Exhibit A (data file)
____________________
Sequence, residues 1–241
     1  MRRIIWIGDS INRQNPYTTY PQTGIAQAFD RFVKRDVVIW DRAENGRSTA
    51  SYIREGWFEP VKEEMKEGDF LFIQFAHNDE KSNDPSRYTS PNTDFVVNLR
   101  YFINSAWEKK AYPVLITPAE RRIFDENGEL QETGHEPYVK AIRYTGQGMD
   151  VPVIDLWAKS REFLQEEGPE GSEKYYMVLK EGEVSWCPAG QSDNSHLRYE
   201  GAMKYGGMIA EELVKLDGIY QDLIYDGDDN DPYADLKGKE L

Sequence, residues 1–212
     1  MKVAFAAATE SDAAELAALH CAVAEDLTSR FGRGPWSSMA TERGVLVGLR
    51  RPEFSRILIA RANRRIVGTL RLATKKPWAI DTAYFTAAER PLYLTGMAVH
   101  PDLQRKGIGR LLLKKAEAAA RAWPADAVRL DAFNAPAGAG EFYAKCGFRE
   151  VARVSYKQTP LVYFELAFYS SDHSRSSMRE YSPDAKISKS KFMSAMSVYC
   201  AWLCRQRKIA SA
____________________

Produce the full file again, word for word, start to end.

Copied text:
Sequence, residues 1–241
     1  MRRIIWIGDS INRQNPYTTY PQTGIAQAFD RFVKRDVVIW DRAENGRSTA
    51  SYIREGWFEP VKEEMKEGDF LFIQFAHNDE KSNDPSRYTS PNTDFVVNLR
   101  YFINSAWEKK AYPVLITPAE RRIFDENGEL QETGHEPYVK AIRYTGQGMD
   151  VPVIDLWAKS REFLQEEGPE GSEKYYMVLK EGEVSWCPAG QSDNSHLRYE
   201  GAMKYGGMIA EELVKLDGIY QDLIYDGDDN DPYADLKGKE L

Sequence, residues 1–212
     1  MKVAFAAATE SDAAELAALH CAVAEDLTSR FGRGPWSSMA TERGVLVGLR
    51  RPEFSRILIA RANRRIVGTL RLATKKPWAI DTAYFTAAER PLYLTGMAVH
   101  PDLQRKGIGR LLLKKAEAAA RAWPADAVRL DAFNAPAGAG EFYAKCGFRE
   151  VARVSYKQTP LVYFELAFYS SDHSRSSMRE YSPDAKISKS KFMSAMSVYC
   201  AWLCRQRKIA SA